Patchouli patchouli patchouli…
This essential oil is often referred to as marmite in the world of cosmetics.
Some love it, some hate it.
But this essential oil is an absolute giant of an oil.
It’s a base essential oil (oils are usually termed as top, middle, or base).
It belongs to the Lamiaceae family of essential oils, and the fragrance family of woody oriental.
Oils from the same family of oils are related.
Other oils from the Lamiaceae family are basil, clary sage, lavender, peppermint, rosemary, and thyme.
It comes from a bushy perennial plant called…. you guessed it, Patchouli. The essential oil is obtained by steam distillation of the dried leaves.
Therapeutic effects of patchouli:
Anti-fever, antidepressant, aphrodisiac, balancing, deodorising, aids exhaustion.
Insect repellent, good for muscle pain, sedative, stress relief/axniety.
It’s a balancing oil and is good for concentration.
It is also good for oily skin, dry skin, sensitive skin, problem skin -acne, eczema and inflammation.
In haircare it helps to get rid of dandruff, adds shine and helps to reduce oiliness.
Top notes are the light, stimulating oils. Fresh and immediately apparent aroma. Usually citrus scents. Their smell doesn’t last long as they evaporate quickly. A top note is the initial fragrance and first impression to hit you when smelling a blend of oils.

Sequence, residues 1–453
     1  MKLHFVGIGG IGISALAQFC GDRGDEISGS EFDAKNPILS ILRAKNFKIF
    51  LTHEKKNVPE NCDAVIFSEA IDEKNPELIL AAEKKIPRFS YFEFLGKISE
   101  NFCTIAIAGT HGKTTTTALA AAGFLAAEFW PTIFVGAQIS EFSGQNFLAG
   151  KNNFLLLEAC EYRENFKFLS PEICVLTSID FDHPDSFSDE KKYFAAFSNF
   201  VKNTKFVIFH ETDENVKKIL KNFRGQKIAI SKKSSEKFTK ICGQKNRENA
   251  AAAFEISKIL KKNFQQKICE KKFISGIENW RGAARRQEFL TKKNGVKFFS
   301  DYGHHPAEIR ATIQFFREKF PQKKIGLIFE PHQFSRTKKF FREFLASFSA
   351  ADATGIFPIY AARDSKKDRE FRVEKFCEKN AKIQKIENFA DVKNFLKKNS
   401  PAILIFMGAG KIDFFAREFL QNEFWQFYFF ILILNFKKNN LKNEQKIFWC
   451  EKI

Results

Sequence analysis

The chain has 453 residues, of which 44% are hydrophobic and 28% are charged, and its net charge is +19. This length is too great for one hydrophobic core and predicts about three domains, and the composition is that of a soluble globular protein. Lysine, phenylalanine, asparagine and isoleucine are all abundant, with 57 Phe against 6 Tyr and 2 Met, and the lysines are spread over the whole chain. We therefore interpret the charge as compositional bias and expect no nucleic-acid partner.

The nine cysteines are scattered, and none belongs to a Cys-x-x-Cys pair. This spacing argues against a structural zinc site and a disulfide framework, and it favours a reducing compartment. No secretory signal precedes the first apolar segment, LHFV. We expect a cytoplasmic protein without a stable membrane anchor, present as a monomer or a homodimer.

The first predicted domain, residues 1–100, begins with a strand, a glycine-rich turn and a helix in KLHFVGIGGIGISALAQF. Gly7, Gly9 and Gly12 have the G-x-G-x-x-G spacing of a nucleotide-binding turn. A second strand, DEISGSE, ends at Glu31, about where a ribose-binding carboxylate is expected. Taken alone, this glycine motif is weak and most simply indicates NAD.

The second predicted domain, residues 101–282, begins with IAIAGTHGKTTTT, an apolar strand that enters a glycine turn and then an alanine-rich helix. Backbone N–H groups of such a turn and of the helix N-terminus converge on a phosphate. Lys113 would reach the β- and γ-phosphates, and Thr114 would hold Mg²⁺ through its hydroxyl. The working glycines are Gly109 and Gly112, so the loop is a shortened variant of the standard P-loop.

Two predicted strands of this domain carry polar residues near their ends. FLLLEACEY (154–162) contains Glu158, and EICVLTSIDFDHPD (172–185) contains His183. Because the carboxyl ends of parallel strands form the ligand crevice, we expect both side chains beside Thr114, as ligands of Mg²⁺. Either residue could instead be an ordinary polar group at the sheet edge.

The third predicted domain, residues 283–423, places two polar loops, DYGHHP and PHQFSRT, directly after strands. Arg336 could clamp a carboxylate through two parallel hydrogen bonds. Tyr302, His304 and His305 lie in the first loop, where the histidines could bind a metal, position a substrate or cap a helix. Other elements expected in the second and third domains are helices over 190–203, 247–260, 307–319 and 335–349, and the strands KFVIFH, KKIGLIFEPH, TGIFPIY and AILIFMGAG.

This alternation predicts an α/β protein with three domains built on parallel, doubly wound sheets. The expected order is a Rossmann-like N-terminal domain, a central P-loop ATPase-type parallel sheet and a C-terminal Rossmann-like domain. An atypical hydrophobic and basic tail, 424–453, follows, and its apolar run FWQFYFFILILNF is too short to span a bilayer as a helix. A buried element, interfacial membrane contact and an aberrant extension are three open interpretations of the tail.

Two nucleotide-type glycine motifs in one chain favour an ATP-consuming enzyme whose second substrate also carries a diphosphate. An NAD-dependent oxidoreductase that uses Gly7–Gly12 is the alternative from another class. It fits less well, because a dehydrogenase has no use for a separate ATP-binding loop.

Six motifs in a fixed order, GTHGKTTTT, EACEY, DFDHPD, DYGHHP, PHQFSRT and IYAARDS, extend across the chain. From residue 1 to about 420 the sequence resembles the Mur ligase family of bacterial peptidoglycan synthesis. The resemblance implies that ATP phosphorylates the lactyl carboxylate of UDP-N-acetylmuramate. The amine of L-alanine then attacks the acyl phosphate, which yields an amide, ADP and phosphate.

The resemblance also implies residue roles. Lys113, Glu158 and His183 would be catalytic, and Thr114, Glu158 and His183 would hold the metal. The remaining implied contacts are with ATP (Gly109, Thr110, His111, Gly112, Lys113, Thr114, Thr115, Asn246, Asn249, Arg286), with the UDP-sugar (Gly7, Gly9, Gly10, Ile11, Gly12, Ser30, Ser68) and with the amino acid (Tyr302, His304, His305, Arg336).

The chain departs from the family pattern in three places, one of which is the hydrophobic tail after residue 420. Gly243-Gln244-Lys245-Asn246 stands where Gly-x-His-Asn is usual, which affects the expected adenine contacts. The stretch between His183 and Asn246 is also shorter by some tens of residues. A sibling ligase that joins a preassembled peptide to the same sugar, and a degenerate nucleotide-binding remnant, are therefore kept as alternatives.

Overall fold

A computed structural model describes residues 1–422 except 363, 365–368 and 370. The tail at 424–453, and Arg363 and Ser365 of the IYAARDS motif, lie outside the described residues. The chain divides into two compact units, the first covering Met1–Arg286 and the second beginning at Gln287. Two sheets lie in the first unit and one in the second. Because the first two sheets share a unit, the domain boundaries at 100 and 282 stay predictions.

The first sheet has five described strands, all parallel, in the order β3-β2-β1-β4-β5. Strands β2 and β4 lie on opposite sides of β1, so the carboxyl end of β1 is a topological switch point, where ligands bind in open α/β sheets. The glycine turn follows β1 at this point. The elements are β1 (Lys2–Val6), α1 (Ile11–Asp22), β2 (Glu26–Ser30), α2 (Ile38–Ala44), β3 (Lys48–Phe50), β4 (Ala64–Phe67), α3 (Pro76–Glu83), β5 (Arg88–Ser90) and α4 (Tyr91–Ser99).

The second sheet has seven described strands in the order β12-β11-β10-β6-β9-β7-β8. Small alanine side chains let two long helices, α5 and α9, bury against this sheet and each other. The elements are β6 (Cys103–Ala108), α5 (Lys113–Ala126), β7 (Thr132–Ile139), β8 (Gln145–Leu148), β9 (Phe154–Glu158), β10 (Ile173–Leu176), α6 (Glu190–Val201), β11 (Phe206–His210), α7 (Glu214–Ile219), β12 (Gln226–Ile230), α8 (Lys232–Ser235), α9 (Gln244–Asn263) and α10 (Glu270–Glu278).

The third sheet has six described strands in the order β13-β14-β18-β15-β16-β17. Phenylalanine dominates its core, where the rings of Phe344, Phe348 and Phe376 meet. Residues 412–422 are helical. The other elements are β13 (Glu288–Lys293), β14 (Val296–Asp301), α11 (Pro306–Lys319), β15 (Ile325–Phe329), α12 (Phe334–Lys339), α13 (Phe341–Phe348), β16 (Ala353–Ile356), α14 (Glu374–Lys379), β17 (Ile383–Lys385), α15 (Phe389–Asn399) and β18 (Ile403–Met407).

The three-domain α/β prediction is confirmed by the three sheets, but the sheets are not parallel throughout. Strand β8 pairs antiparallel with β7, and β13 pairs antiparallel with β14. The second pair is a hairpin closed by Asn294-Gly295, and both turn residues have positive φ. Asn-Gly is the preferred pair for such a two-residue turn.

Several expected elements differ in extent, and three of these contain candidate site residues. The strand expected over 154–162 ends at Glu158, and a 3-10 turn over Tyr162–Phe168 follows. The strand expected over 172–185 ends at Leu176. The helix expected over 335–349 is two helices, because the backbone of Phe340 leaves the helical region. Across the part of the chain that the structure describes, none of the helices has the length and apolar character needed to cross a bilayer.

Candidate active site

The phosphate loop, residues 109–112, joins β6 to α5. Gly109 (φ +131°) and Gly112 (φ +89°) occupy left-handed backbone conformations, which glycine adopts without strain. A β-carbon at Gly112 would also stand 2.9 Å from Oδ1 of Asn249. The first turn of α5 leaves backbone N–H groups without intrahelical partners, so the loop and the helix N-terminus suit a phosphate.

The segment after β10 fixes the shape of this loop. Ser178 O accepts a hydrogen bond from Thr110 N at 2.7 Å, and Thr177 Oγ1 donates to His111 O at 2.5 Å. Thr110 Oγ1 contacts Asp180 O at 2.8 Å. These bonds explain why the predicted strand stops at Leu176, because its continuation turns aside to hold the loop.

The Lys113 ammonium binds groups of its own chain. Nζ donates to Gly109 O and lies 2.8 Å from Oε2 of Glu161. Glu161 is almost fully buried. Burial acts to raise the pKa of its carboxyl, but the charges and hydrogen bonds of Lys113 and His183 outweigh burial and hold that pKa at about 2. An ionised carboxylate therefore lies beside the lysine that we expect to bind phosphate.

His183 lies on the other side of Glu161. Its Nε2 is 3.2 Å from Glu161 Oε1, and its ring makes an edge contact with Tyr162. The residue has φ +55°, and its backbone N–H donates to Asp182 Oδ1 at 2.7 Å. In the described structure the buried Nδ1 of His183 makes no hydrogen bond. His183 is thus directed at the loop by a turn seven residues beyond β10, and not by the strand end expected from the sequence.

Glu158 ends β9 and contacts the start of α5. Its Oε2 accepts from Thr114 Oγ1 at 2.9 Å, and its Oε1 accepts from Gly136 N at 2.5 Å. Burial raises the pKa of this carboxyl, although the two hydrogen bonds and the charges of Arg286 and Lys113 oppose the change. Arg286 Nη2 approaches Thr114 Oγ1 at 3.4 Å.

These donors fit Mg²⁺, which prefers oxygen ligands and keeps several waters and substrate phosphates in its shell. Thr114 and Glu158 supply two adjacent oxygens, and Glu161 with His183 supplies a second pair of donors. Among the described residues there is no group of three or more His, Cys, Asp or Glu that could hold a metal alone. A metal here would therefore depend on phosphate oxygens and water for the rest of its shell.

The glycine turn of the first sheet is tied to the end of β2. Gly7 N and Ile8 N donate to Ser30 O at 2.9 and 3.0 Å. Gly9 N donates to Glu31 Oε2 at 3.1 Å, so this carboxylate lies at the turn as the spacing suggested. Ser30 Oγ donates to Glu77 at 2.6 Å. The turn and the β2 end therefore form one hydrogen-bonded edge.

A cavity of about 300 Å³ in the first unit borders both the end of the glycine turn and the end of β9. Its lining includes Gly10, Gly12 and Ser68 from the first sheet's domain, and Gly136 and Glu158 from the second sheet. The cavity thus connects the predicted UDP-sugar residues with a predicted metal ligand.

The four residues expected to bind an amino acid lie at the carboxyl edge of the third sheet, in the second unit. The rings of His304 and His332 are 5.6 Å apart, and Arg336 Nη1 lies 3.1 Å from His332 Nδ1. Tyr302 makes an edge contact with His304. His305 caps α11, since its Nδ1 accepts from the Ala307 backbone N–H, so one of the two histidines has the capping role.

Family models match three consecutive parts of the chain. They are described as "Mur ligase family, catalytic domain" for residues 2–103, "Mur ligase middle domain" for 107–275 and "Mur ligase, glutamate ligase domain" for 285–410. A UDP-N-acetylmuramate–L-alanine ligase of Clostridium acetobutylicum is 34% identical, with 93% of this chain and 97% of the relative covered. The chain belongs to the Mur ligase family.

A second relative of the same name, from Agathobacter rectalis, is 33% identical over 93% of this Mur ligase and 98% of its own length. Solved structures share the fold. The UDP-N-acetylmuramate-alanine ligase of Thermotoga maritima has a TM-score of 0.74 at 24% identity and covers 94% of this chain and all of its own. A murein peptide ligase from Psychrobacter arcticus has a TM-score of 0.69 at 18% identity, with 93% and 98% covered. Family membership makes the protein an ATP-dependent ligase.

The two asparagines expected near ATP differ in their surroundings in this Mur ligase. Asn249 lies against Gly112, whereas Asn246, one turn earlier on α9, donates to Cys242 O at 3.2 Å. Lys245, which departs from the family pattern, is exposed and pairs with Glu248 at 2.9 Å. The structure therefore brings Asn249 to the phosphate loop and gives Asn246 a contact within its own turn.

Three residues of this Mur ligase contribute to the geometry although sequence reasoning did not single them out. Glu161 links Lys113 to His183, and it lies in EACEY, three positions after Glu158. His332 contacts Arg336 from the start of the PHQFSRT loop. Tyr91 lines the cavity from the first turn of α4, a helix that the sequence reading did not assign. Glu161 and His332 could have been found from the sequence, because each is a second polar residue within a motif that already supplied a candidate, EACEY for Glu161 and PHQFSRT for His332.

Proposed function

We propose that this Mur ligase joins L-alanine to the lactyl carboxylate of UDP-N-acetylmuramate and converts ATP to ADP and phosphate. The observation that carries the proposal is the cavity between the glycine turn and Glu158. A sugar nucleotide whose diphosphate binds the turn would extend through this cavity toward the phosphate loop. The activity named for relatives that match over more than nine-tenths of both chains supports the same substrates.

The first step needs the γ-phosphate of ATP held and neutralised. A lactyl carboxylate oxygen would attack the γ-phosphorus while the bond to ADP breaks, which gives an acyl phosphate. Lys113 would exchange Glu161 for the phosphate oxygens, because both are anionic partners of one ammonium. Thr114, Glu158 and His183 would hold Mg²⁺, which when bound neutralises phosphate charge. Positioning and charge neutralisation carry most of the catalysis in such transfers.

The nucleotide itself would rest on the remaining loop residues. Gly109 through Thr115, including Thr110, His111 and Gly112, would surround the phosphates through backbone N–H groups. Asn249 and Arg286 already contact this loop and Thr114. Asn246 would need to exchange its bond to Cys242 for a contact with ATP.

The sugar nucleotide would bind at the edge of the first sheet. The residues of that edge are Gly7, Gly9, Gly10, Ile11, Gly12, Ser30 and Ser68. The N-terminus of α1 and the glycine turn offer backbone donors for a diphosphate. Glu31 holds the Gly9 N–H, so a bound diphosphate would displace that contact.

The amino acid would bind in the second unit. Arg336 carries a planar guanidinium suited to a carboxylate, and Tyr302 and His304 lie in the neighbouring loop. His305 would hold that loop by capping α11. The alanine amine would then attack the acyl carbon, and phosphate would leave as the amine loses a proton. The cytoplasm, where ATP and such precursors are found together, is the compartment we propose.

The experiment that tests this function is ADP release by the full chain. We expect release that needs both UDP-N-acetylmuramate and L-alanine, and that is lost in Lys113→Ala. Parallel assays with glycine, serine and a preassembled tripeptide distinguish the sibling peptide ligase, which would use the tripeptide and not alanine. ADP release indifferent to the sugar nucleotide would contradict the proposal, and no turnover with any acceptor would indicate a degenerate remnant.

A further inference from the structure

Middle notes usually form the main part of the aroma blend. They are strong and potent. Not as stimulating and light as the top notes, nor as solid as the base notes. There scent can be detected immediately after the impression of the top note. Middle notes are usually obtained from flowers and herbs. Middle notes help to define the character of the perfume and work in harmony with the top and base notes.
As mentioned above, Patchouli is a base oil.
Base notes hang around the longest as they are the last to evaporate. Their scents are rich, full bodied and heavy. They emerge slowly after the top and middle notes have made their presence known. They form the base of most blends. They are also known as fixatives or anchors. They can prevent the top note from evaporating too quickly and will help give the essential oil blend depth. Base notes are usually obtained from woods and resins.
Patchouli also contains no declarable allergens. An allergen is a component of an essential oil. These are what can cause an allergic reaction in people.
On a cosmetic label you will frequently see ingredients listed like the following:
*linalool, *citral, * limonene, *geraniol to name a few, there are 26 allergens in total that have to be listed if they are in an oil that has been used in a product. These are naturally occurring allergens that essential oils contain. They must be listed on an ingredient label if they are over a certain percent in a product.
So, love Patchouli or loath it, it certainly has a place in cosmetics and essential oil blends for it’s fantastic fixing and anchoring benefits, as well as it’s many therapeutic benefits.
Therefore, it’s a favourite of mine to use in blends. Sometimes it’s just used as a small amount for its fixing abilities and not one of the dominating scents.
Not a Patchouli lover? Don’t worry there are plenty more different types of essential oil blends in my soaps.
Take a look at the website.
Soaps available with patchouli in the essential oil blend below.